There are many different reasons for urine spraying – some are physical, some are behavioural. The first thing we want to do is a full physical examination and urine analysis, to eliminate any medical problems.
Having done this, we can then approach the behavioural causes.
Some cats may urine spray because they are feeling anxious. In these cases you will need to do some extra things to make areas the cat is urinating in less attractive or unsuitable, while making the litter tray as attractive and accessible as possible.
1. Clean the soiled area to eliminate smells of previous urination with cleaners such as the laundry powder, Bio Zet and neutralise rather than mask, the smell with a product such as Bac to Nature, Nilodour or Enzstain. When possible, clean with 90% alcohol prior to Bac to Nature to further reduce odour. Avoid bleach and ammonia as these have a residual smell that can actually enhance the urine odour.
2. Confine the cat to a small area that has previously not been sprayed in. Gradually allow access to more of the house once the spraying diminishes.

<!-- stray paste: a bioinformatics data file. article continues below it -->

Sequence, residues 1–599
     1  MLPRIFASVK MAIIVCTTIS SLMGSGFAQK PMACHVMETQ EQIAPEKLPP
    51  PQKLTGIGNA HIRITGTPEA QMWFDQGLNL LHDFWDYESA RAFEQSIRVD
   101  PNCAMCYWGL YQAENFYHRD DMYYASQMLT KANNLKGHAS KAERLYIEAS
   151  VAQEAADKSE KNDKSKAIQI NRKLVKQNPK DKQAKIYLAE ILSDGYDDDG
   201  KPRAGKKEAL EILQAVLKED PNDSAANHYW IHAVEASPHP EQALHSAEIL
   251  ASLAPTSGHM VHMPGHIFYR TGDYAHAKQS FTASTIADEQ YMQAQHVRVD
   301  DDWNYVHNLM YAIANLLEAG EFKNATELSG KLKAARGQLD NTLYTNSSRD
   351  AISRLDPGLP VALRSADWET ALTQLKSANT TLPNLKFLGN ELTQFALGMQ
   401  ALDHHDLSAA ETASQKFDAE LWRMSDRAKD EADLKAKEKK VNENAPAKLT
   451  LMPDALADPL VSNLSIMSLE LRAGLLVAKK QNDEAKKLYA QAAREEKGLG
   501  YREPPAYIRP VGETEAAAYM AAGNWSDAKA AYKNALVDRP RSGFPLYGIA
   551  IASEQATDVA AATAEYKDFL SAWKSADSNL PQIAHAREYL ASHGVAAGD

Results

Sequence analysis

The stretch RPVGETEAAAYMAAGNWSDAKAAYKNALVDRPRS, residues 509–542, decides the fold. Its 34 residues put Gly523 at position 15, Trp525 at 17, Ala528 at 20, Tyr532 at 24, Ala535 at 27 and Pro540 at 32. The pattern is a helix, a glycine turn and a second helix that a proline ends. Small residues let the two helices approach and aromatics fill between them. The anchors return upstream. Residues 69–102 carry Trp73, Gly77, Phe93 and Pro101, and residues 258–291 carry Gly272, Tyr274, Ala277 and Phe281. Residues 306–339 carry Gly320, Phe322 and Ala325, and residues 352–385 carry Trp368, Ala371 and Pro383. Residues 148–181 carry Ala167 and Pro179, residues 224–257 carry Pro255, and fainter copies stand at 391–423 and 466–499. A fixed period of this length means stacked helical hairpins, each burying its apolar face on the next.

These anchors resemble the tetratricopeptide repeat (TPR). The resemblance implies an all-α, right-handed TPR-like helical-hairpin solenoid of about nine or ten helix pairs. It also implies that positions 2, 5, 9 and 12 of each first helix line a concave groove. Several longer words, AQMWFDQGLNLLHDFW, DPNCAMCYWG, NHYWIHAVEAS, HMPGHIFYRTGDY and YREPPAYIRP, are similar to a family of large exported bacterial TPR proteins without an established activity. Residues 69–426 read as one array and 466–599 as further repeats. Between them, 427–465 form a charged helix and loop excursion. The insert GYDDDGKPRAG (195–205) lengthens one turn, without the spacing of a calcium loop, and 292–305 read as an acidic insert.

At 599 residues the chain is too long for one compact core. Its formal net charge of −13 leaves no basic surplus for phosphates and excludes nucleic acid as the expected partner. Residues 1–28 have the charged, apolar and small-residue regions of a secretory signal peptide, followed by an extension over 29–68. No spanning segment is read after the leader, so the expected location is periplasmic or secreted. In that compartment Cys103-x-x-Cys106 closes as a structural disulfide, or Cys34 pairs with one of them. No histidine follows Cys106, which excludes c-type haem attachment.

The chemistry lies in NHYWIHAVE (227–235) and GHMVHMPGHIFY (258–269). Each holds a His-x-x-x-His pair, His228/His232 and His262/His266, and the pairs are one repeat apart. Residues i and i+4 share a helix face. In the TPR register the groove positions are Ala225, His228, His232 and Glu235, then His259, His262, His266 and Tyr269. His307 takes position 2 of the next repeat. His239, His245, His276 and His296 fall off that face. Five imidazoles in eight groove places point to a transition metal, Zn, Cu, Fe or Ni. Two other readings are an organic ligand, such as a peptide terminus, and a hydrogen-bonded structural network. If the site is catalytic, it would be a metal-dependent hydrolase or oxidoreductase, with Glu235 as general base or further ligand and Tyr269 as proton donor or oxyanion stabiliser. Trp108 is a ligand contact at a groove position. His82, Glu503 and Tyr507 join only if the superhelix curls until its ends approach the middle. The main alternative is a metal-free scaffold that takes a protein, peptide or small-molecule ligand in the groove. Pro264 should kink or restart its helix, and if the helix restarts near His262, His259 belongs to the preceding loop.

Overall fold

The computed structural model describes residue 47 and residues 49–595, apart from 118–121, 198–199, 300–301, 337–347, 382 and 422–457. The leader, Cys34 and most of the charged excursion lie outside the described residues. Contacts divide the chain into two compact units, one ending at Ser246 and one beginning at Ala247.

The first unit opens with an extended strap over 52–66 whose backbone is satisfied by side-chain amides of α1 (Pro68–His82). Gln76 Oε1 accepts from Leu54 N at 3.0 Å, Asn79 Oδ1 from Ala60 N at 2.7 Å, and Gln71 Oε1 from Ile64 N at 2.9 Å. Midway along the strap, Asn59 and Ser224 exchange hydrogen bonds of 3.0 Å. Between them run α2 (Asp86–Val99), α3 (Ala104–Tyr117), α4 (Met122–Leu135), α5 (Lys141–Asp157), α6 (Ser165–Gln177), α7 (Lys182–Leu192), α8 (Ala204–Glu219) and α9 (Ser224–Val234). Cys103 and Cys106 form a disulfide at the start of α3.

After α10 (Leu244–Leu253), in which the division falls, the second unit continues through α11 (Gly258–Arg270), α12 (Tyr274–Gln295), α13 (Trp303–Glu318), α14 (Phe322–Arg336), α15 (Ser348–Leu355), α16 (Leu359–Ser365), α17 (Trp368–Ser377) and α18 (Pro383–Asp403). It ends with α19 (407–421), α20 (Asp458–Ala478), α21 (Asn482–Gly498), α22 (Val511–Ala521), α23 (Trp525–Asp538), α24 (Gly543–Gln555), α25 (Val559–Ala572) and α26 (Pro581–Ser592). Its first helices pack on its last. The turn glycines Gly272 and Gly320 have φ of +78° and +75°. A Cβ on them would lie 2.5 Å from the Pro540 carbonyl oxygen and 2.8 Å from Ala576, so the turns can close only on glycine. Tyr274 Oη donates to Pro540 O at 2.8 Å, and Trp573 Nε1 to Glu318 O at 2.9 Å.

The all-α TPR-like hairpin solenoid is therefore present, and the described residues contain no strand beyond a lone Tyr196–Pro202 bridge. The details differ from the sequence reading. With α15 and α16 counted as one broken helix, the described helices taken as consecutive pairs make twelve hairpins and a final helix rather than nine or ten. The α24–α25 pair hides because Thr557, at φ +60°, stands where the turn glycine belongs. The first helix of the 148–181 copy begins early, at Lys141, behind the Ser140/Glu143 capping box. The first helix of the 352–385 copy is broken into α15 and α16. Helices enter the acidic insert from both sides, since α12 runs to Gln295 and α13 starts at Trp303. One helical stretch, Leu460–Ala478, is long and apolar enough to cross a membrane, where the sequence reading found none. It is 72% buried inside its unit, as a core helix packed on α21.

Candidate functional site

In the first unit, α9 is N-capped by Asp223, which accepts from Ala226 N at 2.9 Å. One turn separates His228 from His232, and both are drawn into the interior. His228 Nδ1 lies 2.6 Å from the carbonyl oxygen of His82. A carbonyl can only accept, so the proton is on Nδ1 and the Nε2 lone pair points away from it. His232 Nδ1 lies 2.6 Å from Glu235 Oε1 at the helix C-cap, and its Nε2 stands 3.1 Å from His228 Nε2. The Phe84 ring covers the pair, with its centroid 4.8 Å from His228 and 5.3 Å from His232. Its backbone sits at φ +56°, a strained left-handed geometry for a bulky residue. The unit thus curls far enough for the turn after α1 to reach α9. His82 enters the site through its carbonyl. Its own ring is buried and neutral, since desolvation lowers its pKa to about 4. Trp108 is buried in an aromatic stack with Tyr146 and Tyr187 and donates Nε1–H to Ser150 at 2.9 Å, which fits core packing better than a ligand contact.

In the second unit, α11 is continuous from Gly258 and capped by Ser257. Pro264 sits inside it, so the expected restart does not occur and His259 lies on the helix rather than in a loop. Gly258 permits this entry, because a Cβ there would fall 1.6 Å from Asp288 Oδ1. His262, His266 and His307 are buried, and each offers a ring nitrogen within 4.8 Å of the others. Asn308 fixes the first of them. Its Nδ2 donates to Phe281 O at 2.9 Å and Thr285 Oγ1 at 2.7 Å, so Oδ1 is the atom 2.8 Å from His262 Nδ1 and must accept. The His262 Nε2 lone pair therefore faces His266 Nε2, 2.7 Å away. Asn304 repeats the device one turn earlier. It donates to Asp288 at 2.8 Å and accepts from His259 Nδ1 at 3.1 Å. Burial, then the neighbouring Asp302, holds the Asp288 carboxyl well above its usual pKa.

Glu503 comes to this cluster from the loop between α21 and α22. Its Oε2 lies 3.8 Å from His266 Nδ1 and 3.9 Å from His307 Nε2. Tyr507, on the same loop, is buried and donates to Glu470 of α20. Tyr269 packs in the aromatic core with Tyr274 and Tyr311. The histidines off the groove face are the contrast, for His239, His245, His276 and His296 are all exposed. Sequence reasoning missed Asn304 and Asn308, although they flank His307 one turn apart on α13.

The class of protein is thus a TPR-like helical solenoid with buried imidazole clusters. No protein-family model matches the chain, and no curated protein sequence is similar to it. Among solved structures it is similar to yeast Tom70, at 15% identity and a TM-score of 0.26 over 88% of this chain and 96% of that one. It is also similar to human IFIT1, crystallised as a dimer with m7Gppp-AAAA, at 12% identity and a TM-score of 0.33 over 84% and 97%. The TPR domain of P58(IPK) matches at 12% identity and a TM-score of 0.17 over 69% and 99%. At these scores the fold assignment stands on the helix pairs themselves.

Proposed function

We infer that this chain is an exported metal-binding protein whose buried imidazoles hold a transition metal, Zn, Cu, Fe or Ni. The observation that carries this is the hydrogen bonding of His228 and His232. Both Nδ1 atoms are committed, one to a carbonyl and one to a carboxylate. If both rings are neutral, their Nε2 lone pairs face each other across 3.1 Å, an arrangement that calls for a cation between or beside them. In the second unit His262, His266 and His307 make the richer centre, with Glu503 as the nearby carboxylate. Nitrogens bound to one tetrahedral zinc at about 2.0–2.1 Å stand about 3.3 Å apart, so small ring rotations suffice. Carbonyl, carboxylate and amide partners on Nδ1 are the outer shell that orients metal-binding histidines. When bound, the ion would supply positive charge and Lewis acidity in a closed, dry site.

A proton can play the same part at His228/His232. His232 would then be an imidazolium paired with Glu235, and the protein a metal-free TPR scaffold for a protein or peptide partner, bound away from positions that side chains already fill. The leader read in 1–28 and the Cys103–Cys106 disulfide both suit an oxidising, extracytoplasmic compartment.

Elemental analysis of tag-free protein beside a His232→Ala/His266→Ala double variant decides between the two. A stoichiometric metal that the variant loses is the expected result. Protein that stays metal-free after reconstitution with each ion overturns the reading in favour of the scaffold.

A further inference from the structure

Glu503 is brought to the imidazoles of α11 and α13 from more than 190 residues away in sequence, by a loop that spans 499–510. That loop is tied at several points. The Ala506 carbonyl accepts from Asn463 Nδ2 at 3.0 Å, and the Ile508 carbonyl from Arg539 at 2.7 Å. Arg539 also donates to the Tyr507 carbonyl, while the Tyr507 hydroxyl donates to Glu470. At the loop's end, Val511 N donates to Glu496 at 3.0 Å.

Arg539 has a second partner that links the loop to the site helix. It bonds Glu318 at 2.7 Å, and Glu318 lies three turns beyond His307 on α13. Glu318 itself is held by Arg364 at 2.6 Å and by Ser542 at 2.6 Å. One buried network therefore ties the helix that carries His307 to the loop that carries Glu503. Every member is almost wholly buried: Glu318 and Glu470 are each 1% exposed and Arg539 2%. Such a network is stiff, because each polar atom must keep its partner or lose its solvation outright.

3. Change the significance of the soiled areas by placing there such items as food (superglueing some dry cat food to a paper plate placed on that spot), toys, double-sided sticky tape, lemon-scented soap, citrus peels, mothballs, or Snappy Trainers. Cover the area with thick plastic or plastic hall runners or place the cat’s bedding in that area or simply denying access to certain areas until the cat is reliably urinating appropriately. Another alternative is to place a tray in the area the cat prefers and then gradually move it to the area that you consider acceptable. Spraying a pheromone spray on all soiled areas daily for 30 days may help.
4. Spray the cat with a water pistol if it is caught in the act of urine spraying.
5. Provide one litter tray per at and an extra one in another area, to allow easy access.
6. Clean the tray at least once daily with warm soapy water and preferably every time it was used.
7. Vary they type of litter or add an empty litter tray, as cats have different litter and/or privacy preferences. Modifications to the tray itself can also be useful, for example, providing a covered tray for more privacy or a tray with a cut down side for an arthritic cat for easier access.
8. Spend 10-15 minutes per day at a set time, playing, grooming and otherwise interacting with the cat on its own.
9. Grow an indoor garden of safe plants such as catnip or catmint for the cat to use.
(SEE ALSO TIPS FOR FELINE FUN and Feline Lower Urinary Tract Disease.